It is technicity that makes technical individuals the most important site for neutralizing and countering the subordination of all fields of rationality to economic concerns in the modern era. (LaMarre 2013:99)


Drawing on Antonio Negri and postoperaism in a truly prescient manner, Combes also shows how Simondon’s account provides a rich source of counterknowledge for the post-Fordist era of information society in which knowledge has been built back into labor and production, making explicit that a factory was never just a production formation but always also a power-knowledge formation. (LaMarre 2013:99)


In effect, the neutral point of the technical individual is the human, whose absolute origin or eventfulness is technicity. Here we come face to face with Simondon`s humanism, that is, the centrality of the human being in his philosophy. (LaMarre 2013:100)


To look at a mode of existence in terms of its individuation is to look at it from the angle of the underlying and surrounding processes that are part of its genesis, making it what it is. (LaMarre 2013:100)

OBJETO VIVO=TÉCNICO (causalidade interna)

[T]he technical individual is a particular kind of technical object (a specific mode of technical existence). In the course of its individuation (concrescence), the technical individual generates zones of recurrent causality, both internally and externally, which are the charged transversal ground (associated milieu) for its efficient structuration of remarkable points. For Simondon such developments bring the technical object closer to the natural [living] object. The natural object also entails both an internal energetic “recurrent causality” between its elements and an external energetic “recurrent causality” with its surroundings that constructs an associated milieu. In his account of the technical individual approaching the natural object, Simondon not only begins with the internal causality of the machine but also repeatedly defends this point of departure. (LaMarre 2013:100-1)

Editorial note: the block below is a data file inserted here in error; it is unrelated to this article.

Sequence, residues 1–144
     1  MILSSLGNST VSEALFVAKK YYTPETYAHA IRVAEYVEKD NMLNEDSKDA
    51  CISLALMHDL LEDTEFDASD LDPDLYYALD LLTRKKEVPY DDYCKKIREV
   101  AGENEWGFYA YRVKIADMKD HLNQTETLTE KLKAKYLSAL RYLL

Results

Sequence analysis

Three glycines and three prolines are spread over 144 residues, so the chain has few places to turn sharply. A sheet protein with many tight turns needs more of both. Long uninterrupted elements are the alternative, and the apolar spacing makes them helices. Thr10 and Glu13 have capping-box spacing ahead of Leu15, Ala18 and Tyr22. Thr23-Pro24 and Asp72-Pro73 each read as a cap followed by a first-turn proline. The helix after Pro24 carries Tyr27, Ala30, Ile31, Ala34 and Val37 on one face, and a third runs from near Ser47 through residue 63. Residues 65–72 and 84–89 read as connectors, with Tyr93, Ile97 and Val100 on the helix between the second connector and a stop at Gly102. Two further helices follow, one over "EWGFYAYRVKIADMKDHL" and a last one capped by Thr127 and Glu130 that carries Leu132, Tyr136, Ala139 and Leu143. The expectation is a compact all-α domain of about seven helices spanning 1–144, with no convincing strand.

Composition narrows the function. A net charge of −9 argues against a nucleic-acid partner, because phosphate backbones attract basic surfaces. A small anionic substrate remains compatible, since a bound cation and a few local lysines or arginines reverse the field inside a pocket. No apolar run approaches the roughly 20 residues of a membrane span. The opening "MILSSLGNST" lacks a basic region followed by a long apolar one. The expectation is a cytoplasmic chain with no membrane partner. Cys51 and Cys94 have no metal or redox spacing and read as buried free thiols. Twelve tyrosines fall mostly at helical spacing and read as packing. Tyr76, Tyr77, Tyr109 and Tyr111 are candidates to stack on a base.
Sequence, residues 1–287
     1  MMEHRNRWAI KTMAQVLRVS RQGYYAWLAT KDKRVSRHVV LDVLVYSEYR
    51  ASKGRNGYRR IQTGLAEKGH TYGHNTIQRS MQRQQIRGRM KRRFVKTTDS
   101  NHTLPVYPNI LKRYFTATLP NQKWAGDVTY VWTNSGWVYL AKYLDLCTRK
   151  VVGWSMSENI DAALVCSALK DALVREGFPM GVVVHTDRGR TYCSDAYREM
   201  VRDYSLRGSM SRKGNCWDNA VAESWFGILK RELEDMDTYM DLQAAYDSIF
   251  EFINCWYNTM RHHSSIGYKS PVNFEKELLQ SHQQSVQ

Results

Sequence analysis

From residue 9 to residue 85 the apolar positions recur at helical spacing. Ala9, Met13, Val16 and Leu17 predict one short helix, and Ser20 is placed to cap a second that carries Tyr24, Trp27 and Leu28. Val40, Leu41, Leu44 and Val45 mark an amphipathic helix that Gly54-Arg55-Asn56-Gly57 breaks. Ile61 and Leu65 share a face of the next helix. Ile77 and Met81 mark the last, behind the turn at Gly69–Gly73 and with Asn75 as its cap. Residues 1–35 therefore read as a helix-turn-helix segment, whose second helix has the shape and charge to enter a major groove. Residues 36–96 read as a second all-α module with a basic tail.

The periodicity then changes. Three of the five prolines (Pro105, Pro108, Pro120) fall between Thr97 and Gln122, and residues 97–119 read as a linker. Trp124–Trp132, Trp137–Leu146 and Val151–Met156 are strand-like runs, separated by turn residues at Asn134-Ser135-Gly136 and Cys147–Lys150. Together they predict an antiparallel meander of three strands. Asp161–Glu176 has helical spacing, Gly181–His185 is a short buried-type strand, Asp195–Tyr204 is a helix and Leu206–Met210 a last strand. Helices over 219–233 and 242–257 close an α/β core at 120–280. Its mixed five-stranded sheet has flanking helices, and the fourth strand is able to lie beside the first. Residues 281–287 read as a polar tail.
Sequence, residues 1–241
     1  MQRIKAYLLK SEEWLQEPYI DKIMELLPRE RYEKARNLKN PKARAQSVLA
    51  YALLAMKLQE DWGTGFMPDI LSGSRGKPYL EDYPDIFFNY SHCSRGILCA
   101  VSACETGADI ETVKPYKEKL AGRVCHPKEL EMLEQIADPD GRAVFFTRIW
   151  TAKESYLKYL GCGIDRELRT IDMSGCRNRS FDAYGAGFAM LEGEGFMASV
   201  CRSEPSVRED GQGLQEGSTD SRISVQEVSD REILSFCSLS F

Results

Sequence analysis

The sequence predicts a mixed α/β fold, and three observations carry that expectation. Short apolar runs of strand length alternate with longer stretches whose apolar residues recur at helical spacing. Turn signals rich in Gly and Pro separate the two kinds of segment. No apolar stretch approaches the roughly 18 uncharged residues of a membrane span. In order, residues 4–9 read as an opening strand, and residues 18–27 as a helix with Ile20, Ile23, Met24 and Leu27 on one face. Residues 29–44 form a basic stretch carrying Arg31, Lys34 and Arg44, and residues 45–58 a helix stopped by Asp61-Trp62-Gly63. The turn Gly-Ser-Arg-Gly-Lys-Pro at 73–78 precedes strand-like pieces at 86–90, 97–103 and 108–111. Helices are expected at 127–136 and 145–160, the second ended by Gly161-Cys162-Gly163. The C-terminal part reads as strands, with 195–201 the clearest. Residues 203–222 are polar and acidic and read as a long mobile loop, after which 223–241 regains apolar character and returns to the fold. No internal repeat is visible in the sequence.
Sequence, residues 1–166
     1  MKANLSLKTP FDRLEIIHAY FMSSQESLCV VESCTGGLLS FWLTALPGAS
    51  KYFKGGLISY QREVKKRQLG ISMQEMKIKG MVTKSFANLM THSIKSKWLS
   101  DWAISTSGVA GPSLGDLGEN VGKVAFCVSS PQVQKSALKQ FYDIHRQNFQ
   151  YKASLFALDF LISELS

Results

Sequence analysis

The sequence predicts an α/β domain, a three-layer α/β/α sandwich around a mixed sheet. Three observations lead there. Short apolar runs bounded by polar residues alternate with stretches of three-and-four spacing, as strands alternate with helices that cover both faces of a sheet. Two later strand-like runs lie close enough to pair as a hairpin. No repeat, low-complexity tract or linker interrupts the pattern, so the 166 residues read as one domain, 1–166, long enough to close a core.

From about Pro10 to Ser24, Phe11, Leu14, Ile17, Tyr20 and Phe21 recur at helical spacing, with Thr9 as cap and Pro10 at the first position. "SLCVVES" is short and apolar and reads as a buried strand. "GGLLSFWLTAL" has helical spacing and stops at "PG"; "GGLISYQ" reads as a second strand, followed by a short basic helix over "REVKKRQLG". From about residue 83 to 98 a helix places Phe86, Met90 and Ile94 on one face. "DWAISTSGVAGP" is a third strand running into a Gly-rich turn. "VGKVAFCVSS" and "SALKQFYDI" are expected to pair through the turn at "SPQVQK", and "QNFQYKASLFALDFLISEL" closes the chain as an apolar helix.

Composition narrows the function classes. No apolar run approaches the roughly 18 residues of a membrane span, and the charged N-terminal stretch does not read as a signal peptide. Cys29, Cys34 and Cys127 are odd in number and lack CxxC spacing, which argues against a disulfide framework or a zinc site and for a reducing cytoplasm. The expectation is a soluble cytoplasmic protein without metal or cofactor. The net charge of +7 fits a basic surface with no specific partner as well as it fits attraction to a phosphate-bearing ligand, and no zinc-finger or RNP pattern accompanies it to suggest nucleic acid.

The focus on internal adaptations allows Simondon to avoid the model of a machine statically adapted to an environment, which then finds itself stranded and at a loss when the environment changes. Instead, like the natural object (organism), the technical individual effects internal changes and simultaneously generates a recurrent rapport with its external milieu, which allows it to interact actively with the world and to produce a transformative series. (LaMarre 2013:101)


. (LaMarre 2013:102)

A SACADA (strange twist!) SIMONDONIANA DA RELAÇÃO HUMANO-MÁQUINA: a gênese do indivíduo técnico precisa mudar a relação do humano com o objeto técnico